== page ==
legbar2 eggsThis year I got my first Cream Legbar chickens. I have four. They are curious, friendly, and lay turquoise eggs. On top of that, they have adorable little feathery topknots. Definitely my favorite chickens of the moment.

legbar

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Airport poems

airportAs many of us will be on planes during this season, I thought I’d include two poems about airports, each named for the gate where it was inspired. Next time your flight is delayed, you can bring this up and pass a little time.

Gate C22

At gate C22 in the Portland airport
a man in a broad-band leather hat kissed
a woman arriving from Orange County.
They kissed and kissed and kissed. Long after
the other passengers clicked the handles of their carry-ons
and wheeled briskly toward short-term parking,
the couple stood there, arms wrapped around each other
like he’d just staggered off the boat at Ellis Island,
like she’d been released at last from ICU, snapped Continue reading

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Best Beans

2015.11.06.11.32.23Instead of a vision of sugarplums, how about a simple, inexpensive and wonderful meal that lasts for days. I set myself the challenge of making a pot of vegetarian beans that taste as good as ones cooked with a ham hock.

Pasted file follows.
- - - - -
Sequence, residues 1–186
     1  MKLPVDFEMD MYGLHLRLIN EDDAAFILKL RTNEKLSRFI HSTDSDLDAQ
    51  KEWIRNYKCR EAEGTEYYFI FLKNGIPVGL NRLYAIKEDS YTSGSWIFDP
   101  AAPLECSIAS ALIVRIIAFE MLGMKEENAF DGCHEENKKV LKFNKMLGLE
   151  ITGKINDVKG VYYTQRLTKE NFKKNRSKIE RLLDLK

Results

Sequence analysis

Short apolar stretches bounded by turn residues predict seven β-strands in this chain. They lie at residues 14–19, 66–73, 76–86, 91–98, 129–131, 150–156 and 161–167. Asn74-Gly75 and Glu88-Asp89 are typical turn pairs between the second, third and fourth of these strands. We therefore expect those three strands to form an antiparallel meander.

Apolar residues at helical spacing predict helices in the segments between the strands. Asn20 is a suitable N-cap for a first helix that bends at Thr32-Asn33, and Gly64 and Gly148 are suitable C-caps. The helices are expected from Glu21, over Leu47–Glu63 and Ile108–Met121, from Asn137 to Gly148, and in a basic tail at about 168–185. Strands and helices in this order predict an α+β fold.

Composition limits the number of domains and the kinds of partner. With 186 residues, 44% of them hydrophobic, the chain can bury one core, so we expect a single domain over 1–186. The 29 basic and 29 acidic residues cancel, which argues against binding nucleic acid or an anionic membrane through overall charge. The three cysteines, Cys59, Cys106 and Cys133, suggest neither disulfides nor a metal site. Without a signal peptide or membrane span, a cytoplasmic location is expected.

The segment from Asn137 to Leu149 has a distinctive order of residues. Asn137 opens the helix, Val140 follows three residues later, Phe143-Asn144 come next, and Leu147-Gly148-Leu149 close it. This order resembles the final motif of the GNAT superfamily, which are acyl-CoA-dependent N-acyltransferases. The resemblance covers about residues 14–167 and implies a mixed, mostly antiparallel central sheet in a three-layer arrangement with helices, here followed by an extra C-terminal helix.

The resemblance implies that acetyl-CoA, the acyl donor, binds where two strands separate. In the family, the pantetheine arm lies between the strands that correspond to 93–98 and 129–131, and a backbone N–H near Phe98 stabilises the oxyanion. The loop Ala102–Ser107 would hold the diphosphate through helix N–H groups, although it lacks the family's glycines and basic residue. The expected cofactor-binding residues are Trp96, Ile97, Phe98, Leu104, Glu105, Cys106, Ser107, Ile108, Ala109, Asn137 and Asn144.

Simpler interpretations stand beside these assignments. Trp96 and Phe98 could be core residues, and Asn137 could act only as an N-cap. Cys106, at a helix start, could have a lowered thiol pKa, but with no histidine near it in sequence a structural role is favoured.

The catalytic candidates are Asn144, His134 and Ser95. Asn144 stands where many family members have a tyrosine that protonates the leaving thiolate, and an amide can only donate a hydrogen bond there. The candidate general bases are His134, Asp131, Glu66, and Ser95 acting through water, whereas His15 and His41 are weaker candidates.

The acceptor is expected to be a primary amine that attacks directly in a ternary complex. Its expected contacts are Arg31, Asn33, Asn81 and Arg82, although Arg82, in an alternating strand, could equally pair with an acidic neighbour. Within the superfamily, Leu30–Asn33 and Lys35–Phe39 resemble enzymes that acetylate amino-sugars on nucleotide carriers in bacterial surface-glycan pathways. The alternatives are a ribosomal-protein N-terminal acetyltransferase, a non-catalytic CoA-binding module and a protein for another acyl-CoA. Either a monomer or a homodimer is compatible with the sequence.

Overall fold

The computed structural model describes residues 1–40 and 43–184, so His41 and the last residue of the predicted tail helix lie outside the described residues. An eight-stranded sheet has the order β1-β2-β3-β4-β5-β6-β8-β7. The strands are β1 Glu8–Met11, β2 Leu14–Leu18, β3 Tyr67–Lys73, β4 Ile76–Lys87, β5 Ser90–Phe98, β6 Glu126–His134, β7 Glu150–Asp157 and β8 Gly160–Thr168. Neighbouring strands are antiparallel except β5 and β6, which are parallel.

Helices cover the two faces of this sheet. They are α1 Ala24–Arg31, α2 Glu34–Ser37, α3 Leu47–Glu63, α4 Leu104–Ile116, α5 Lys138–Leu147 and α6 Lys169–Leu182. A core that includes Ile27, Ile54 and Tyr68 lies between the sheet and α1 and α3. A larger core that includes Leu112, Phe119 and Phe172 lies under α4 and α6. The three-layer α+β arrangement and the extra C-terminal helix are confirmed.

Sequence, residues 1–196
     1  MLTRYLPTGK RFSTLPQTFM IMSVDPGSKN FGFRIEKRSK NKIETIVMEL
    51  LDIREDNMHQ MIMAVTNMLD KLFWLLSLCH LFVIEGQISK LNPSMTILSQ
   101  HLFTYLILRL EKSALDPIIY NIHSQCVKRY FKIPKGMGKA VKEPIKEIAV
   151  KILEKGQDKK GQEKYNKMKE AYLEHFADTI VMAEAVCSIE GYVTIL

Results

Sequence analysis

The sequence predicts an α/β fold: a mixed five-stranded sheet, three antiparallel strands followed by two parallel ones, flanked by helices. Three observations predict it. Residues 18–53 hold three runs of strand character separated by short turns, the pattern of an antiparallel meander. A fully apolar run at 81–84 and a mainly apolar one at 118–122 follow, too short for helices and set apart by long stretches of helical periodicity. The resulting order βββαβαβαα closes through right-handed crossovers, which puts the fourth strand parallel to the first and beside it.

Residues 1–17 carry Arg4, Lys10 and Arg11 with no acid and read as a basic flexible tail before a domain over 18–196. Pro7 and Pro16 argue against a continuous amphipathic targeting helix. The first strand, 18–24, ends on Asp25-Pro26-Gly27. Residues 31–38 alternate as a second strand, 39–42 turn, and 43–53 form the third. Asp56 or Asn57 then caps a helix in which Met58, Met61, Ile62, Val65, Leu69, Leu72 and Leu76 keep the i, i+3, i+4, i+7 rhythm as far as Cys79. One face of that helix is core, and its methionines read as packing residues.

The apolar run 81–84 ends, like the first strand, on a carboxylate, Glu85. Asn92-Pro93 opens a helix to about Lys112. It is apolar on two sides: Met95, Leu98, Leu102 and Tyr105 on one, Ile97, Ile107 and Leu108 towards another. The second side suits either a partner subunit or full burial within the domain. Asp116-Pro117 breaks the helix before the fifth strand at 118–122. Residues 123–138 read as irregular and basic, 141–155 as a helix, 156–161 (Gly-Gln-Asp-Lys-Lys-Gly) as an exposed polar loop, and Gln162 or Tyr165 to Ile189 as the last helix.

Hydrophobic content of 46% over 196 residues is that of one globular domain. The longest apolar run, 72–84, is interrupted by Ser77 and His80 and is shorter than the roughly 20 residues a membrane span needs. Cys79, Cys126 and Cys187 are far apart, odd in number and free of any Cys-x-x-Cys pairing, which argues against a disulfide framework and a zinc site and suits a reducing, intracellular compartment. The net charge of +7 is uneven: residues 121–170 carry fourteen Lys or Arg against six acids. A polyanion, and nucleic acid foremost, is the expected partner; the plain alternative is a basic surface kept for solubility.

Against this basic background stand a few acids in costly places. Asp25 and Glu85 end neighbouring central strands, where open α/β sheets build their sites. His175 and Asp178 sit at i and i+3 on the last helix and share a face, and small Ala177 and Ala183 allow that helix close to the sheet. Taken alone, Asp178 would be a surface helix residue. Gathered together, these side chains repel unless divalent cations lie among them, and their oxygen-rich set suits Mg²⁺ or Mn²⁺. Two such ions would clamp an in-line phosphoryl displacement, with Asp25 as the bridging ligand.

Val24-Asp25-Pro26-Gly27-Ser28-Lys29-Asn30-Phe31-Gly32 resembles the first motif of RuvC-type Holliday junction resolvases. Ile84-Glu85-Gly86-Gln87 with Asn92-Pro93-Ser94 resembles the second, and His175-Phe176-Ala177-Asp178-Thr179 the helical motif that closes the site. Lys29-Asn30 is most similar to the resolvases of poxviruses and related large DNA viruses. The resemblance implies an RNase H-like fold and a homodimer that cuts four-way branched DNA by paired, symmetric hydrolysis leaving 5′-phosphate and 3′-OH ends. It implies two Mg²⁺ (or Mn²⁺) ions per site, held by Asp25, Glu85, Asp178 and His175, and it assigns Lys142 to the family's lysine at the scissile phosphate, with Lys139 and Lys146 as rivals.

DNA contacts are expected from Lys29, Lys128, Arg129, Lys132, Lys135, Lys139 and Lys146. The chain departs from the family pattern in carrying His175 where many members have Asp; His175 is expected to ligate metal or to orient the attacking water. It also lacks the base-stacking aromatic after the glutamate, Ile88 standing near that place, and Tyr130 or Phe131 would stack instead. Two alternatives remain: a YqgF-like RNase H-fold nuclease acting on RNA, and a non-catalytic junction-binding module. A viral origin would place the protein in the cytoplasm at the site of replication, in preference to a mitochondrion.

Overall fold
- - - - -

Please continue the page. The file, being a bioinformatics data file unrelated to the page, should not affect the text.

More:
First I made a rich vegetable stock: two whole ears of corn (chopped), turnip, rutabaga, golden beet, red pepper, carrot, onion, celery, herbs, simmered about two hours and strained. I rinsed the beans (I used black beans), brought them to a boil, and drained them. (Someone told me this reduces their gas-producing quality.) Then I cooked the beans in the stock with chopped early girl tomatoes, shallots, onions, garlic, and a chipotle pepper for about 40 minutes in the pressure cooker. After they were soft, I added cumin, chiles, cilantro, lime, salt.

These may be the most flavorful beans I ever made. We ate them with rice and chile verde, with eggs, and by themselves.  Yum!

 

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Larry likes this better

casinoApparently, Larry hated yesterday’s poem. So I thought I’d post this little anecdote he told me to balance the scales. It’s about Steve Wynn, a big investor in casinos in the US, Macao and Hong Kong–a casino magnate in fact. He was asked in an interview how he got into the casino business. His answer was something like this:

“The first time I went to Las Vegas, I saw this gigantic room. At one end was a door. People came through that door with their money, and hours later they went back out without it. I thought, ‘What a wonderful business!’.”

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Sweetcakes, you are my kind of god

God Says Yes to Me

haughtI asked God if it was okay to be  xxxmelodramatic
and she said yes
I asked her if it was okay to be short
and she said it sure is
I asked her if I could wear nail polish
or not wear nail polish
and she said honey
she calls me that sometimes
she said you can do just exactly Continue reading